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  4. Also, actually, the UK had little choice in both 1914 and 1939. At least in so far as the integrity of the empire was at risk - particularly in the first war. Germany had been building a massive surface fleet, the only logical opponent of which was the RN home fleet - the effect of losing the low country ports to Germany would have altered the entire balance of power in the north sea. It would have meant the Germans being able to dominate the channel (the UK's main access to Europe) and being able to sorties more ships, faster. This situation was encountered 20 years later with the fall of France, where the Germans used the port of Brest to greatly amplify the hitting power of their U-boat fleet to put the entire atlantic trade route in peril. You can look at every British intervention on the continent from WW2 all the way back to the war of Spanish succession and it all comes back to the same point: British political and (above all else) commercial interests were best served when no single power dominated the continent, and when no major power controlled the western ports into the north sea. All our wars in those 200 years on the continent have been to maintain those ports as 'friendly'

    To assume altruism on the part of the British empire in both conflicts then is naive. Even Churchill's decision to stand and fight in the Summer of 1940 when there was no realistic route to success must be seen in the light of the man's perspicacity about what future there would be for the empire in the long run, even if the home islands were not invaded - and also his unwavering faith in the idea that the US would eventually enter the war (and that Hitler would commit the mother of all sins and turn against the Soviets).

    So, I reject fundamentally the notion of Great British altruism, and our realistically being able to stay out of either world war.

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  5. Finally, I find your take on fighting insurgencies bewildering - you want to teach democracy to these people by abandoning at home the pillars of a free, liberal democracy such as a free press? This is not total war, and insurgencies cannot be 'won' by the military alone, or even by them primarily.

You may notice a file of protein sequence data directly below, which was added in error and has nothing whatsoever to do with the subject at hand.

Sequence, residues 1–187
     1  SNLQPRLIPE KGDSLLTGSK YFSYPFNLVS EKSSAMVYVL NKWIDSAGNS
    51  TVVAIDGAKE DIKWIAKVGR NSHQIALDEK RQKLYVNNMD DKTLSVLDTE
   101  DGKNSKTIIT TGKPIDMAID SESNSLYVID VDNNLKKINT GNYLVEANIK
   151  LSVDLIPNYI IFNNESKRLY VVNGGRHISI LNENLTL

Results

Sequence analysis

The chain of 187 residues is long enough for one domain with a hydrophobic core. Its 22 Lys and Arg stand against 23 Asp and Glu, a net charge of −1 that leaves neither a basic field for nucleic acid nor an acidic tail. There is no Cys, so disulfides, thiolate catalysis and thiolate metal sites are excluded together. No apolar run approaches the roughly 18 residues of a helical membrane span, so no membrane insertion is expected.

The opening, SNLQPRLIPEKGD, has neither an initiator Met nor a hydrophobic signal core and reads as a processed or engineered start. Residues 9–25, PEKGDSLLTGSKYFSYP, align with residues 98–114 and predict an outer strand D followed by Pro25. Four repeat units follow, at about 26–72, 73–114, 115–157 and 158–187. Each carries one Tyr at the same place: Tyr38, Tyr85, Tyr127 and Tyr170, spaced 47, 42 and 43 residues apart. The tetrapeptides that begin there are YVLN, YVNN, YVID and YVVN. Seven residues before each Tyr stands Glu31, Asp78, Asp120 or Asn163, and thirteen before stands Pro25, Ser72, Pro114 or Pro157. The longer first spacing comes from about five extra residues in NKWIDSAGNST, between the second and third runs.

If you want to double down on brutality, to take an eye for an eye, bring back the ol' mass bombing technique - then all you do is radicalise future generations who will look at you and recognise in you the monsters that their parents always told them you were.

    The kind of asymmetric warfare we've been stuck in the past two decades are onyl resolved by political compromise. Best case scenario for the military is that it holds the ring and exhausts the militants to the point where saner political voices can be heard. Such as it was from Malaya to N.Ireland. You cannot 'win' in a military sense as there is no organised military force to drive from the field, more there is an amorphous organisation that resists defeat in detail by massed military hardware.

    You mention that we should 'man up' when it comes to casualties. Fact is that the western public will accept injuries and death, even on relatively large scales - so long as public opinion backs the excursion, and stays behind it. From Iraq to Afghanistan, our reasoning for being there were murky at best, and at worst made things far, far worse - no wonder then that every death is rendered poignant by the seemingly sensless waste of each live.

    There is no doubt IS are malevolant, extreme and not representative of the faith they claim to hold. We, the uK and US are to some extent responsible for them - our actions already have radicalised so many folk - the law of unintended circumstances. In my opinion, invoking Sherman's 'war is hell' doctrine will only make things far, far worse.

    in the end, the only lasting solution can come from those with a vested interest on the ground, only local forces can win a permanent peace and only when the will of the people is recognised can IS be isolated and subsequently defeated.